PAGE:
Endovascular aortic aneurysm repair by a multidisciplinary team : lessons learned and six-year clinical update

Du Toit, D.F. ; Saaiman, J.A. ; Carpenter, J.P. ; Geldenhuys, K.M. (2005-02)

The original publication is available at http://www,cvja.co.za/

Includes bibliography.

Article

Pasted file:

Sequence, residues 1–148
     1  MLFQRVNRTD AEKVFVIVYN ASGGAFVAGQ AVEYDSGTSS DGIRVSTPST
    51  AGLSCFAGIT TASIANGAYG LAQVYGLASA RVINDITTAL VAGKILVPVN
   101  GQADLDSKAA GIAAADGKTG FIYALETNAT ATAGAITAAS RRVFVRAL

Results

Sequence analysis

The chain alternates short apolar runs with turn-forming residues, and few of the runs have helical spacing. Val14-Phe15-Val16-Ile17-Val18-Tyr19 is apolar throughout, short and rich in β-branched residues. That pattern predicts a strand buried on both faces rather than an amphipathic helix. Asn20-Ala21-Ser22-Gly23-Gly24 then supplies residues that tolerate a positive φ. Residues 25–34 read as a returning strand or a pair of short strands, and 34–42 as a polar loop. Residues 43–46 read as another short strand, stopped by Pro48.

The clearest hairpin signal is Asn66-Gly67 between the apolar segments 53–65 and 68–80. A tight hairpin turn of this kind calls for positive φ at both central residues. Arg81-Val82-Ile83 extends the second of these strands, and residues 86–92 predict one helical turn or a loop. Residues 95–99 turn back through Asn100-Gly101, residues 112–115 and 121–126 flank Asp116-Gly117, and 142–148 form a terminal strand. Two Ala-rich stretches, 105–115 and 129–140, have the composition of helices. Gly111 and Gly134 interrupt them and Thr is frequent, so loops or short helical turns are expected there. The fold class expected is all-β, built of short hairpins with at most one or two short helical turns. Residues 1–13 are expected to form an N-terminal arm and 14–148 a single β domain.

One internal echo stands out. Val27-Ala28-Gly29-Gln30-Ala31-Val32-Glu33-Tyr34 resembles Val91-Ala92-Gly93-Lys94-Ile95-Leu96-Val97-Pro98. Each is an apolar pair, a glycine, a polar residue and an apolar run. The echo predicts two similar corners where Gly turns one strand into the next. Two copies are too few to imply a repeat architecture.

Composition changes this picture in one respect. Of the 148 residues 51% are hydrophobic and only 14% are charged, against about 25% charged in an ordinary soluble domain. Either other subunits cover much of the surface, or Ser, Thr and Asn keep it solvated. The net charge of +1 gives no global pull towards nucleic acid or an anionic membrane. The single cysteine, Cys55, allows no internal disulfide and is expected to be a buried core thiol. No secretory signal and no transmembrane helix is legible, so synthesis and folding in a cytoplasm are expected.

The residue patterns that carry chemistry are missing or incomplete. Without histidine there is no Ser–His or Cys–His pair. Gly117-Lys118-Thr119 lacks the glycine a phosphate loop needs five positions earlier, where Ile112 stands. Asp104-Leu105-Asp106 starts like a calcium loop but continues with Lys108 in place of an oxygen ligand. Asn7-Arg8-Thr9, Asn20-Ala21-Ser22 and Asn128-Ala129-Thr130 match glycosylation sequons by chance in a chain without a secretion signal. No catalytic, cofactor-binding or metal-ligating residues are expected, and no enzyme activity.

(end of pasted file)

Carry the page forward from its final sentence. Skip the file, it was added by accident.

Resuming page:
Background: Endovascular aneurysm repair (EVAR) (using an Federal Drug Association-approved AneuRx® device) compared to conventional surgical repair of abdom inal aortic aneurysm (AAA) previously rendered favourable outcomes regarding post-operative pain, avoidence of laparotomy, and rapid rehabilitation and hospital discharge in high-risk patients, including octagenarians. Objectives: To assess the safety, reduction in aneurysmrelated deaths, and interim survival data up to 72 months after AAA exclusion by endoluminal endografts (EVAR). Design: We carried out an open, controlled, prospective, multidisciplinary EVAR study for the period 1998 to 2003 (six years). In the earlier part of the study, EVAR was compared with previously published results of conventional open aneurysmectomy surgery. Setting: Heart Unit, Panorama Medi-Clinic, Parow, South Africa. Participants: We recruited adult male and female patients presenting with AAA and fulfilling the inclusion criteria for endovascular repair, as recommended by the consensus 2003 meeting of the Vascular Association of South Africa (VASSA). All patients were offered open surgery as an alternative and were entered into the VASSA EVAR trial registry. Pre-operatively, AAA anatomy was assessed by spiral-computed tomography (CT), and selectively with conventional angiography and intravascular ultrasound (IVUS). Informed consent was obtained in accordance with the recommendations of the Senate of Surgery Paper 2, Ethical Guidelines, Great Britain and Ireland. Patients underwent EVAR by a multidisciplinary interventional team. Interventions: Two hundred and seven adult patients with AAA were assessed. Forty-four of the 207 (21.2%) were excluded from EVAR because of irreversible comorbid factors and complex aneurysm morphology. One hundred and sixty-three patients (78%), with a mean age of 70.7 years (range 60−91 years), underwent EVAR (1998−2003). Five patients were lost to follow-up (3%). Median AAA diameter was 56.9 mm and ASA ratings were I, 1.2%; II, 15.9%; III, 57%; IV, 22.6%; and V, 2.4%. EVAR was performed in high- and low-risk categories of both sexes. Most patients were in ASA groups III and IV. Devices deployed: EVAR was performed using a selection of endografts over 72 months − AneuRx® (Medtronic) 47; Talent® (Medtronic) 49; Vanguard® three; Zenith® (Cook) one; Powerlink® (Endologix) 62; and other, one. Results: Thirty-day outcome: successful deployment 99%, primary stent patency 97%, surgical conversion 0.6%, procedural or intra-operative mortality 1.2%, 30-day mortality 4.3%, endoleaks 1.84%, and secondary intraprocedural endovascular interventions 24.5%. Perioperative mortality was 3.1% (one aneurysm related). One patient had suspected endograft infection. Late mortality was 21.4% (35 patients due to co-morbidities, and one was aneurysm related). Follow-up was a median of 28.3 months (range 1−69 months). In 163 patients, two persisting endoleaks (1.2%) were detected. Endotension was detected in 3/163 (1.8%) with average sac increase of 0.8 cm. Conversion to open surgery was needed in one patient (0.6%). Co-morbidities that contributed to late mortality included multi-organ failure, ischaemic heart disease (IHD), cardiomyopathy, renal failure, stroke and cancer. One procedural rupture was fatal (0.6%). Two late ruptures occurred; one was successfully endostented and the other patient died after a failed surgical intervention (0.6%). Endovascular repair of AAA is more expensive than conventional surgery. Introduction of the Endologix stent has reduced operative time from 120 to 60 minutes in un complicated patients. Newer-generation aortic stents allow better control of negative remodeling and stent migration. Conclusion: A multidisciplinary team can safely perform EVAR, with a low 30-day mortality rate in selected patients graded ASA II−IV and with favourable aortic aneurysm morphology. About 22% of patients with AAA are not suited for EVAR. Persisting late endoleaks occurred in 1.2% of the cohort study and were not device specific. Life-long follow-up post EVAR is a prerequisite to detect late device failure, endoleaks and aneurysm-sac enlargement, and to assure the durability of these midterm results. Short-term aneurysm rupture prevention is a predictable outcome in high-risk groups.

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